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Jim Terry, Republican

Jim Terry has announced plans to resign his District 7 seat on the Jefferson County Council, effective at the end of the month.

Terry, 78, of Cedar Hill said his growing frustration with the council’s inability to get things done led to his decision to resign.

He is in the middle of his second four-year term on the council. The seat will come up for election in 2022.

He said his last day as a councilman will be May 31, to allow his fellow members time to appoint a replacement.

In his April 30 resignation letter, Terry cited his public service since he moved to the county in 2000, including leading the Hwy. MM-W Citizens Task Force and with the Peace Pantry.

He said he wants to make a difference, but over the last few months, he doesn’t feel like he’s been able to get anything accomplished as a councilman.

“This has been something that’s been building for months,” Terry said. “It’s been very, very hard to get anything done, and that’s been very frustrating.”

In particular, he said, he has been weary that the county still isn’t adequately funding enforcement of county code issues, such as derelict buildings, derelict vehicles and junk left on property, particularly in areas that have been affected by flooding.

“Those are by far the complaints I get most often,” Terry said. “I’m told it takes $10,000 to $20,000 per property to clean it up. Some of us have been agitating for an increased budget for many months. We get promises.”

Terry noted that a recently approved budget amendment allotted only $20,000 to remediate issues across the county for the year.

“I abstained on that because it didn’t do anything to make me feel better that issues were going to be resolved,” he said. “I get so many complaints, and it’s frustrating that the only thing I can tell people is there isn’t the money to do anything.”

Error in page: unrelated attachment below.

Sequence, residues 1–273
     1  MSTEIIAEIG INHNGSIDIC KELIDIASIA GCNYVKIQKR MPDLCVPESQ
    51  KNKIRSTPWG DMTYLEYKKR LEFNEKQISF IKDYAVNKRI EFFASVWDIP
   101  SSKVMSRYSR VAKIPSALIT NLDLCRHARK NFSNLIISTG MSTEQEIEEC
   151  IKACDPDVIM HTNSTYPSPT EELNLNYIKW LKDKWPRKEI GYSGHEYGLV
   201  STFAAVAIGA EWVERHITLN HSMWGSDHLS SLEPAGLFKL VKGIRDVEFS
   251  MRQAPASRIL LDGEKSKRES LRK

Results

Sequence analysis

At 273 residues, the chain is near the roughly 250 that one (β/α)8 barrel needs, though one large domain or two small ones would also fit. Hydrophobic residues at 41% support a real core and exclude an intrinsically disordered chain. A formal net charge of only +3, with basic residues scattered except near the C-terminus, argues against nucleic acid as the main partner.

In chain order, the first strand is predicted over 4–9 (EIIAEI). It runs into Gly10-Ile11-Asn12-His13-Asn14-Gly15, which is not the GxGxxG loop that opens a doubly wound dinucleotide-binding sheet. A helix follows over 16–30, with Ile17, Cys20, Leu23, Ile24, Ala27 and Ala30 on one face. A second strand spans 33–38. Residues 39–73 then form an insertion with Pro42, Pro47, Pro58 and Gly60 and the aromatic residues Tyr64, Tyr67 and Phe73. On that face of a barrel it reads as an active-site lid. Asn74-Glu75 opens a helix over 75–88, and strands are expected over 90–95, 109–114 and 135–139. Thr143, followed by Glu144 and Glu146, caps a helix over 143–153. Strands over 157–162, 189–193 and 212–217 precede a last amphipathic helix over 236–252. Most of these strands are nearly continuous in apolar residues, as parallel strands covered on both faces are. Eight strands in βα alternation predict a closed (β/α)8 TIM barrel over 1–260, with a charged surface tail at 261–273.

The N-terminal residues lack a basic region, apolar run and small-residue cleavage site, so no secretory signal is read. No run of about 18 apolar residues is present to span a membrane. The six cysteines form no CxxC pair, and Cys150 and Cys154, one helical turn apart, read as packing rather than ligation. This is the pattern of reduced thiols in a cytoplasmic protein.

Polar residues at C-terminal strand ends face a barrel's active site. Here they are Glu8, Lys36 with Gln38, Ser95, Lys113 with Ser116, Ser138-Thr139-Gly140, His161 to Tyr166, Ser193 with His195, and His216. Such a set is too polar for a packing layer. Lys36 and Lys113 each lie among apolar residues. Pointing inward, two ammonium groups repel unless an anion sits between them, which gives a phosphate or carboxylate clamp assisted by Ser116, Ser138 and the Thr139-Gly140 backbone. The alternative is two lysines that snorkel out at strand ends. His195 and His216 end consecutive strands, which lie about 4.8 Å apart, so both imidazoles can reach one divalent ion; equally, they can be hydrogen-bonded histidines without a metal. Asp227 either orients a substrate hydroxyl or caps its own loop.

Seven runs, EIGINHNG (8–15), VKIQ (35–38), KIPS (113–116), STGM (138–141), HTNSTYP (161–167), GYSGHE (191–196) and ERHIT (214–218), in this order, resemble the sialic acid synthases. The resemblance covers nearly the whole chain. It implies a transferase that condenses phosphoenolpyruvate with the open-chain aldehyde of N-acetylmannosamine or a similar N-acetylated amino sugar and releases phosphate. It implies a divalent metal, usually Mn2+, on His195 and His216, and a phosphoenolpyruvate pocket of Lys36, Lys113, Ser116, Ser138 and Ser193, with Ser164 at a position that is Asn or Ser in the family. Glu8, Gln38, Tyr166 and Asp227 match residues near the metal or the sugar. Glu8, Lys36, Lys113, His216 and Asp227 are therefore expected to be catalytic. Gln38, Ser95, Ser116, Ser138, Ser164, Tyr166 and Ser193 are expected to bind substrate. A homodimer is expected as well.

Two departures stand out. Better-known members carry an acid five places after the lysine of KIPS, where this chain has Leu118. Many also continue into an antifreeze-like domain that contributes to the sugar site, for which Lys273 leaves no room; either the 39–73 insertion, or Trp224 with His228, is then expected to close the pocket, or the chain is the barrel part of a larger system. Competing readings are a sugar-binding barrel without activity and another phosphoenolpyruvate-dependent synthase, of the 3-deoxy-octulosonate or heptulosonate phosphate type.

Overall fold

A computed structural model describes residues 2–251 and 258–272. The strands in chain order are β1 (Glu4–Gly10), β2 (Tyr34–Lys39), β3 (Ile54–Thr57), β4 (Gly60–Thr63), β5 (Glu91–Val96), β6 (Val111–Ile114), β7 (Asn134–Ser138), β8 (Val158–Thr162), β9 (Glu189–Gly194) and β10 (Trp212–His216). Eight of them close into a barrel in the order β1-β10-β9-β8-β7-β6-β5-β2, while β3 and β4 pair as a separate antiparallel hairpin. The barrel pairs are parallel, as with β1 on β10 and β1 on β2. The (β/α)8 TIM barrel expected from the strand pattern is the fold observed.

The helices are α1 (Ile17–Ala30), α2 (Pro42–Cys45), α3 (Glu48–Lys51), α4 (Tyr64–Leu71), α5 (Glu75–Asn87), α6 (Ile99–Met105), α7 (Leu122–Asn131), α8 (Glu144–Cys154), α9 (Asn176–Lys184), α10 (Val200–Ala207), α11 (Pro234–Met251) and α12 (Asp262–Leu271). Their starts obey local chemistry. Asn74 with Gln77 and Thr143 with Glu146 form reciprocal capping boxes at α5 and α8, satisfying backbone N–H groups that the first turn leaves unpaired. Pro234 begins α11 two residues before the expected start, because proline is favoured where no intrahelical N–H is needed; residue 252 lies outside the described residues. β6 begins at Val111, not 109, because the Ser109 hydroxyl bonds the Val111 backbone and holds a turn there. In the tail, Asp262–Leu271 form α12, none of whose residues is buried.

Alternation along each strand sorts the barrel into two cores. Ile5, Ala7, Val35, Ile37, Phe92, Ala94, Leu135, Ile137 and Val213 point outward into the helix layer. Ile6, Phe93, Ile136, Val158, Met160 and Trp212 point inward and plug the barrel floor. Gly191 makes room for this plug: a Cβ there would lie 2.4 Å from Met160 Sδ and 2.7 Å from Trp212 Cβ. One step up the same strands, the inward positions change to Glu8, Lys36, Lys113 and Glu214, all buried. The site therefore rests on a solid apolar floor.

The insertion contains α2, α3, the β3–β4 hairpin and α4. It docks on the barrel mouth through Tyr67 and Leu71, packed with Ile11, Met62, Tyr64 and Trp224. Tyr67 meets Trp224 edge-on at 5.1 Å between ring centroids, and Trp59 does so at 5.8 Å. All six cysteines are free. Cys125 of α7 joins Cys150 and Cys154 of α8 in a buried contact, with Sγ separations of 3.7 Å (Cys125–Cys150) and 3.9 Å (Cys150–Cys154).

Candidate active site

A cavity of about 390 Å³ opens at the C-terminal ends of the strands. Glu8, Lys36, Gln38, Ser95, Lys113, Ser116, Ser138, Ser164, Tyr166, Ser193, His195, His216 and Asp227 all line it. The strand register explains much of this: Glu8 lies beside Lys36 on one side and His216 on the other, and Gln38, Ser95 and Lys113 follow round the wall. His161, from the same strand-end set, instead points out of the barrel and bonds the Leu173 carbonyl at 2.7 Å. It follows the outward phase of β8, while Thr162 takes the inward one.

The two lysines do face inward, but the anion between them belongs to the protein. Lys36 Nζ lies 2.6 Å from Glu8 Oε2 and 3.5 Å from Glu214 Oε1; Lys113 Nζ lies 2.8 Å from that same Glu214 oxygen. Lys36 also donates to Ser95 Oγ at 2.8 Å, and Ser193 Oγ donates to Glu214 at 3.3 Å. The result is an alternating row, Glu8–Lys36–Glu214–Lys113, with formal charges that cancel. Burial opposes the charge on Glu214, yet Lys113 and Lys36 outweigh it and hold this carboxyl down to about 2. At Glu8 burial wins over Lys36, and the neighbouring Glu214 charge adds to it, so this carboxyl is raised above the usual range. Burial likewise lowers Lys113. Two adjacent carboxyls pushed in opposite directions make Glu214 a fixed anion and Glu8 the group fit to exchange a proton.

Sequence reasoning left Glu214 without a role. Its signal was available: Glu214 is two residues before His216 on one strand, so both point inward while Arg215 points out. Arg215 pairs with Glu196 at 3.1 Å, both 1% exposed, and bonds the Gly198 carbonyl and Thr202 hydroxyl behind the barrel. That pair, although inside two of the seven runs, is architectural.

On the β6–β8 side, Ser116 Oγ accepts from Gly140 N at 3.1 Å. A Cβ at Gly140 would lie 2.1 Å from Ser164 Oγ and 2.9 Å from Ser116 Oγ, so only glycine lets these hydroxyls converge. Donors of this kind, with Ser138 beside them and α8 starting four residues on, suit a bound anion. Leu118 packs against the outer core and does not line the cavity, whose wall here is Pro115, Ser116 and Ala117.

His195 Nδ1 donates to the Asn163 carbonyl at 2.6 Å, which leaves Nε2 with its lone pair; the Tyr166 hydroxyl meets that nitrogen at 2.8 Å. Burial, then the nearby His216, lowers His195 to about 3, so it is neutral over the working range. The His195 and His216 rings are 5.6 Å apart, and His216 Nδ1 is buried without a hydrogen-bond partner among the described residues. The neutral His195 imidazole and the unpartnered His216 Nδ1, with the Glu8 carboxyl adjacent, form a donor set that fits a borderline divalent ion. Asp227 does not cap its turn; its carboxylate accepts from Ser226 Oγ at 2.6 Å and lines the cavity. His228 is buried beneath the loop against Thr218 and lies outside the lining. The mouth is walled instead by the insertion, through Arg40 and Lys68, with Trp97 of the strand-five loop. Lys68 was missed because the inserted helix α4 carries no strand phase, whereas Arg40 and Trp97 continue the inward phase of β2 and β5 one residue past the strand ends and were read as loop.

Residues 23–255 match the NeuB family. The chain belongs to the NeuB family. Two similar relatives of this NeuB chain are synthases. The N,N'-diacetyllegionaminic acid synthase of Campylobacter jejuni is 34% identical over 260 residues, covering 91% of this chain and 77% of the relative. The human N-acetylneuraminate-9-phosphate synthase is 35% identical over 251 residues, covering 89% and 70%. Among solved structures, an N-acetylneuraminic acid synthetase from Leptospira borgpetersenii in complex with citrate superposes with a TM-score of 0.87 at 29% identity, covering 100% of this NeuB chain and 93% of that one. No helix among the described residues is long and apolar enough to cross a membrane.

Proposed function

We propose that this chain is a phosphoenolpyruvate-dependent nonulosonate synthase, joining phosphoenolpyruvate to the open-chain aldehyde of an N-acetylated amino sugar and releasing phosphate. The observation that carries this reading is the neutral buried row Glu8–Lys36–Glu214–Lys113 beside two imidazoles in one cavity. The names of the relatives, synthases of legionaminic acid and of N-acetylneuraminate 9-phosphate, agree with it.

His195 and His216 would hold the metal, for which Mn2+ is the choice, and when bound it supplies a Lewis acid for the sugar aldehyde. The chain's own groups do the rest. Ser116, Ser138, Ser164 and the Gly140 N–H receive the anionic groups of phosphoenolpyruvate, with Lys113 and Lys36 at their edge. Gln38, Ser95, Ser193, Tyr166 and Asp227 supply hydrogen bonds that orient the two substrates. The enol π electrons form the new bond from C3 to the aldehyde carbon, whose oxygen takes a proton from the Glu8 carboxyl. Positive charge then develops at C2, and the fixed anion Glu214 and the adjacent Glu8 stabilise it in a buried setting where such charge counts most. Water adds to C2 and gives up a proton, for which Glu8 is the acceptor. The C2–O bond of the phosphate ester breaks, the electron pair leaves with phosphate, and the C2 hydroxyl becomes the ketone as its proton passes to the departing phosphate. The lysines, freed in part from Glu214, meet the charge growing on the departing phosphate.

Terry also said he has been upset over the lack of action to update the county’s master plan for development. The county has been operating under a plan approved in 2000.

“This is a big thing because it tells everyone what we want to go where,” he said. “You’re supposed to get public input on a master plan so you have something of a consensus on how you want to direct development.

“The one we have now is pretty much wide open. In my district, pretty much two-thirds of it is in either the primary or secondary growth areas. I don’t believe that’s what people want. When they were doing the surveys for the 2000 master plan, a lot of the people said they preferred living in Jefferson County first for the lack of crime and second, because of the rural nature and the privacy.

“But what we ended up with doesn’t reflect that, and it’s bad for us as council members because we don’t have any real direction from a master plan, and it’s not good for our planning staff either. So what we end up with is deciding what won’t get us in a lawsuit we probably will lose,” he said.

County Executive Dennis Gannon said he believes progress is being made regarding those issues.

“I guess we’re not moving fast enough for some of the council members.”

The final straw, Terry said, came at the April 26 meeting, during a hearing on a rezoning case that involved a proposed 263-home subdivision on 84.2 acres in the 5600 block of Bear Creek Road in House Springs to be called Bear Ridge.